Hardy Annual Flowers List and Info


Which flowers are hardy annual? Hardy Annual Flowers List and Care Instructions.

Hardy Annual Flowers List and Info

There are so many hardy annuals that it is impossible to make a list of all of them. Here, however, are the names of some which make a pretty display in the flowerbeds if they are sown in a sunny position.

The alyssum, sometimes called the madwort, is a small flower, three or four inches high, and its colours are white or lilac. It is generally sown to form the front of a bed or border.

Baby’s breath, as gypsophila is sometimes called, is a flower that grows a foot high in white, rose or crimson clouds, and it helps to make a vase look attractive by providing a back-ground for the other flowers. Some tinds are perennial.

Candytuft is an old favourite and grows in banks of plants, the white or purple heads of flowers against a mass of dark green leaves.

Cornflowers can be bought in white, mauve and pink varieties, as well as in the original blue. They sometimes reach a height of two-and-a-half feet, although there are also the smaller varieties known as dwarfs.

The Indian pink belongs to the genus Dianthus, which includes the carnations, and Indian pinks are among the most attractive hardy annuals to be found in gardens. They are about nine inches high, with patterns of red and white on their petals.

Love-in-a-mist is a plant with leaves like green net, almost as pretty as the large, pale blue flowers. It can grow to 18 inches high, a well known variety being called Miss Jekyll.

Love-lies-bleeding is an attractive plant with spikes of red or purple flowers. The purple variety is generally known as Prince’s Feather and is about three feet tall. There is a pretty dwarf variety called Pygmy Torch which has dark crimson flowers and grows to 18 inches.

The daisy like marigold, or calendula, is easily grown and provides a bright splash of colour in the garden with its orange, yellow or bronze petals. All varieties are about two feet high and will seed all over the garden.

Mignonette at first glance does not seem much of a plant to grow in a garden, as its yellowish-white flowers are very small, but it has a sweet fragrance and has been valued for this for years. It blooms from June to October and the ground must be made very firm for it.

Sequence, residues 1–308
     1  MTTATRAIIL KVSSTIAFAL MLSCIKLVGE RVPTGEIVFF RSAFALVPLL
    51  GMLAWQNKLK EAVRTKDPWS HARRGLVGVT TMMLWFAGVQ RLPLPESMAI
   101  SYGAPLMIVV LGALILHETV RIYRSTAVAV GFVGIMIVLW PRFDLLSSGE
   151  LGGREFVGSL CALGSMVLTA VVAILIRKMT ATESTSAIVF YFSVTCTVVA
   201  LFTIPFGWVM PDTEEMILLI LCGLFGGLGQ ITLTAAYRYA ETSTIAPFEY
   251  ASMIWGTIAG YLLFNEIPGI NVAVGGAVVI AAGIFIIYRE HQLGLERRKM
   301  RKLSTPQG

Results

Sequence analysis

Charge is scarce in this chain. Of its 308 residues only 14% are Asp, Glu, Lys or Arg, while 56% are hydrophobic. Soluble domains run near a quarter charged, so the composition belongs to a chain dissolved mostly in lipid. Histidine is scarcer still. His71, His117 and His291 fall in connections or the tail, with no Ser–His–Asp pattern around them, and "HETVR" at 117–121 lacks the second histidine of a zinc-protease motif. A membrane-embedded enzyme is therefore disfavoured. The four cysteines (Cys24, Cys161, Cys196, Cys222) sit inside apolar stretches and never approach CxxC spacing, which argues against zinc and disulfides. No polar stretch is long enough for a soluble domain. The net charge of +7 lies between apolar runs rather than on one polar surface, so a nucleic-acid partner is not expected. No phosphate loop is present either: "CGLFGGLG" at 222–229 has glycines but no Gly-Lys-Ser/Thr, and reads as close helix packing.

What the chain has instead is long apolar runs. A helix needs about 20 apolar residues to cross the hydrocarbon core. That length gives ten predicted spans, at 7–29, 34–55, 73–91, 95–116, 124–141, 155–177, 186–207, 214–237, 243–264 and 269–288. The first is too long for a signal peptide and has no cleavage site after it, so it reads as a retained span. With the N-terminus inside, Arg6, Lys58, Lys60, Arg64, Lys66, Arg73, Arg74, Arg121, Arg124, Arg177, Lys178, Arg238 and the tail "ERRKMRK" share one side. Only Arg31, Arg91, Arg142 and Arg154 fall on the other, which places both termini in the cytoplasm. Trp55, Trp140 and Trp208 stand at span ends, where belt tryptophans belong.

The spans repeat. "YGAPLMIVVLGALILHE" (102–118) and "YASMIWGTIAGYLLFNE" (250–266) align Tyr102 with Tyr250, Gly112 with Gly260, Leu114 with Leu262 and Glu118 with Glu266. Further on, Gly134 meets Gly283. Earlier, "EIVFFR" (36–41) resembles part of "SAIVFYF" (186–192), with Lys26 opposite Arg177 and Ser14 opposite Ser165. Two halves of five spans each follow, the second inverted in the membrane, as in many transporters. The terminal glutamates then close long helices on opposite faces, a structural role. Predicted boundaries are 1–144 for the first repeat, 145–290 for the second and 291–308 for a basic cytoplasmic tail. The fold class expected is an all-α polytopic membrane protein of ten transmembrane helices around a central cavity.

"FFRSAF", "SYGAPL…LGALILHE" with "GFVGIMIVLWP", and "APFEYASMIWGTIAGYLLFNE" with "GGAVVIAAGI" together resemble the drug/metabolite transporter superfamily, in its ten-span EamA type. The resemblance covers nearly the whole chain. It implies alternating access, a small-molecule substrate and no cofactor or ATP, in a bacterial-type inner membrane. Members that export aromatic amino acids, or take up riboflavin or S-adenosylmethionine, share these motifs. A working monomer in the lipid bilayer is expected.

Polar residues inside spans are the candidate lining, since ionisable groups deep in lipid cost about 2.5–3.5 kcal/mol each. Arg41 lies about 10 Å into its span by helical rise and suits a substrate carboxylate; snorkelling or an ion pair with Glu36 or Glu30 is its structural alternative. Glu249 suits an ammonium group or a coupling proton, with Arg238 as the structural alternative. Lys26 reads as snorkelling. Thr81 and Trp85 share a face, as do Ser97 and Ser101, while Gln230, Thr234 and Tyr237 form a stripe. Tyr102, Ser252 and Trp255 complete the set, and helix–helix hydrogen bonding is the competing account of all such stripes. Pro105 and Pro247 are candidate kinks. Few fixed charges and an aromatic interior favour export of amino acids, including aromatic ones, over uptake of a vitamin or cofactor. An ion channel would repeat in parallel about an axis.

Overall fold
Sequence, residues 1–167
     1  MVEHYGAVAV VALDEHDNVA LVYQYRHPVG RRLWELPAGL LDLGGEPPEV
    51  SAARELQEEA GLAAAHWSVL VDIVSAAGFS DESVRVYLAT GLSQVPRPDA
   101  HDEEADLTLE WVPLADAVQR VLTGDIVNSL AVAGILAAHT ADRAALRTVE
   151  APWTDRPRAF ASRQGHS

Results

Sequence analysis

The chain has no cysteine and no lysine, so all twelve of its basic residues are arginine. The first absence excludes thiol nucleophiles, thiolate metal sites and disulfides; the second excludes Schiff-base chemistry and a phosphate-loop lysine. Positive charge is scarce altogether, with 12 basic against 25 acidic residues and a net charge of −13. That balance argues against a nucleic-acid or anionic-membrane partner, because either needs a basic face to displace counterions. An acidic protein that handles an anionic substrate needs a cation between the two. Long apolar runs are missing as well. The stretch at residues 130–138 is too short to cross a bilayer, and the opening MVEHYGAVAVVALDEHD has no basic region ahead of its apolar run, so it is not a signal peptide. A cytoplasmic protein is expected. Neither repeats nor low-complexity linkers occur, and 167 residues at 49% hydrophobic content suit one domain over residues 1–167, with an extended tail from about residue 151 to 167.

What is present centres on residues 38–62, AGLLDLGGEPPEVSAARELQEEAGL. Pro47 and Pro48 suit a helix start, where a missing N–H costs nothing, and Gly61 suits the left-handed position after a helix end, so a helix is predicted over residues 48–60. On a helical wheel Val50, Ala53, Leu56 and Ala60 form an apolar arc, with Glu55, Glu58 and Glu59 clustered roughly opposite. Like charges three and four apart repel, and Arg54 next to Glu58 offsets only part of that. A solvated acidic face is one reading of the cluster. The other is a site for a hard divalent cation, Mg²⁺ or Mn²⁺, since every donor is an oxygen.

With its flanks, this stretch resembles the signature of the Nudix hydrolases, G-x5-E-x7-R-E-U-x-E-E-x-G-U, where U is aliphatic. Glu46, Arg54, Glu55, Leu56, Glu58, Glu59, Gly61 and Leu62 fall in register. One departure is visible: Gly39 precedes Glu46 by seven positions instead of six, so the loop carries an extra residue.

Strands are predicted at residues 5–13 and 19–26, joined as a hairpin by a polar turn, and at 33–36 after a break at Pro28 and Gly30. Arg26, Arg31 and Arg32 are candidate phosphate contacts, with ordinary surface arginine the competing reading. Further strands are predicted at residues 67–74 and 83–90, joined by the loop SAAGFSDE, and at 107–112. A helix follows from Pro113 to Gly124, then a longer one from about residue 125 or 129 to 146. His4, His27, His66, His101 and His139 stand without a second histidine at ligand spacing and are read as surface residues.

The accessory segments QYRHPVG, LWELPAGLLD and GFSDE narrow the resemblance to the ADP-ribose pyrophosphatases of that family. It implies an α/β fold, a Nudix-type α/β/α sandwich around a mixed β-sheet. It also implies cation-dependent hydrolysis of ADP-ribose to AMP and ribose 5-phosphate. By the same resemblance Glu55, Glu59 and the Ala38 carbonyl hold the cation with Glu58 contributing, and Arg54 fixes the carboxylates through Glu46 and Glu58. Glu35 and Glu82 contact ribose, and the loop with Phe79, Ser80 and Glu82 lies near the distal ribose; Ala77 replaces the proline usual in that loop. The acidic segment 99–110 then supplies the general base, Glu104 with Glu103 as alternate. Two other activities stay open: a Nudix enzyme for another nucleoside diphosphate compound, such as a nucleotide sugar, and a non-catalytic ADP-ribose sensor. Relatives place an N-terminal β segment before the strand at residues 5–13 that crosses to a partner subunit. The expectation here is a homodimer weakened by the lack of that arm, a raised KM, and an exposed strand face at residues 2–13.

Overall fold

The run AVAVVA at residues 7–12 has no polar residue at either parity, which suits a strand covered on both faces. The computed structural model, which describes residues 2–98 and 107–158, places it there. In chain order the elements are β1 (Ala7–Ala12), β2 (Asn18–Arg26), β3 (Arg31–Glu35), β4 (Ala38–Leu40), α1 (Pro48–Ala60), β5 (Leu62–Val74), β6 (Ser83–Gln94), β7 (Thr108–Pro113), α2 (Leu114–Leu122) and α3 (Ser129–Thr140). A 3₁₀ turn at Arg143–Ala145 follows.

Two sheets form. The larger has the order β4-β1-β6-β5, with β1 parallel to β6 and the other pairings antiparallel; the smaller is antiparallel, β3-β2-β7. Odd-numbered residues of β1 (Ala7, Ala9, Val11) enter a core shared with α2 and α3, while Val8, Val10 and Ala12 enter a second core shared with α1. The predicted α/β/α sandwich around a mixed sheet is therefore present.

Nasturtiums, which are gay flowers, can be grown as either climbing or dwarf plants. Dwarf varieties grow about nine inches high in poor soils; in richer soil they produce many more leaves but fewer, though bigger, flowers.

The poppy is a colourful flower for a garden, ranging from the scarlet flowers four inches across to the smaller Shirley poppies, which have double or single flowers of many colours. A fine crop of Shirley poppies will grow from one packet of seeds, but if they are allowed to seed themselves year after year the flowers will come up like the ordinary, single red poppies from which Shirley poppies were developed.

A very tall flower is the sunflower, and the Russian Giant may grow to 12 feet high, although the Dazzler and Excelsior varieties can be as short as 12 inches. They have heads like giant daisies and petals of yellow, orange and chestnut. Ali like a sunny position. Manykinds are perennials.

The sweet pea is one of the most popular hardy annuals, for it is fragrant and beautiful, besides producing more flowers the oftener it is cut. Sweet peas should be sown in the open in April, then the seedlings must be thinned out with six inches between each, and carefully fastened to stakes or to strings stretched across stakes when they get large enough.

The Virginian stock is a good flower for a border, as it is between 6 and 12 inches high, with many small flowers of lilac, rose red and white. Other plants often used as borders are tagetes, one kind of which is called the African marigold. These bright yellovv or orange flowers are sometimes planted with brilliant blue lobelias to make an edging.

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